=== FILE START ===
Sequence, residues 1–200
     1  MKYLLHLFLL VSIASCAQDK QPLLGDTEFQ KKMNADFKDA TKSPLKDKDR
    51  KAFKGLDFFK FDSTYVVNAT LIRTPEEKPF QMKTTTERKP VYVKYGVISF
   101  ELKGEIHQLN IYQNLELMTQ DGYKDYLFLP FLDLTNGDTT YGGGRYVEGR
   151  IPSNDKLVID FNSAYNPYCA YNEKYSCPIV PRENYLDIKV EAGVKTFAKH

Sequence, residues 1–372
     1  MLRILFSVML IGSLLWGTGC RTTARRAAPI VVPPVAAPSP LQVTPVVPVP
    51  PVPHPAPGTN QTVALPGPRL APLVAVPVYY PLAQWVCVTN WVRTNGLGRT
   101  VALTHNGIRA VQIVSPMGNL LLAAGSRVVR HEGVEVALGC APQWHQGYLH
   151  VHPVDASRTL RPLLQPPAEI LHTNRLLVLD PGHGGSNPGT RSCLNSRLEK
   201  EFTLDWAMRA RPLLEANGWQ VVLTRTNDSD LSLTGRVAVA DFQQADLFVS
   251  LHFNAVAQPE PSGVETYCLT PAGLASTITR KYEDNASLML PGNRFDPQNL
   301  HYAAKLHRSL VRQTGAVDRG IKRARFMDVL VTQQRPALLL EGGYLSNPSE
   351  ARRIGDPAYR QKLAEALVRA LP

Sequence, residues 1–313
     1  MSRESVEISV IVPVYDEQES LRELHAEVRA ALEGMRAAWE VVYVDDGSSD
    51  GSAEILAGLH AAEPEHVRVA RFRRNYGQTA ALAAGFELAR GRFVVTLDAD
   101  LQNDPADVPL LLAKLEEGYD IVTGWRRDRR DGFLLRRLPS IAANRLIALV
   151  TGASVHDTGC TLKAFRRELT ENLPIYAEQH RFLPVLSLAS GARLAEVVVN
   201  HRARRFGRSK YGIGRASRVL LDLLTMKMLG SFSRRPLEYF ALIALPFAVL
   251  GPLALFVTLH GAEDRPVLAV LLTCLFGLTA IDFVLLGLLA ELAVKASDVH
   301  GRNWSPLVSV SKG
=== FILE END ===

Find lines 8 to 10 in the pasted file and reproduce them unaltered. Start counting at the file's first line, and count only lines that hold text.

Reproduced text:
    51  PVPHPAPGTN QTVALPGPRL APLVAVPVYY PLAQWVCVTN WVRTNGLGRT
   101  VALTHNGIRA VQIVSPMGNL LLAAGSRVVR HEGVEVALGC APQWHQGYLH
   151  VHPVDASRTL RPLLQPPAEI LHTNRLLVLD PGHGGSNPGT RSCLNSRLEK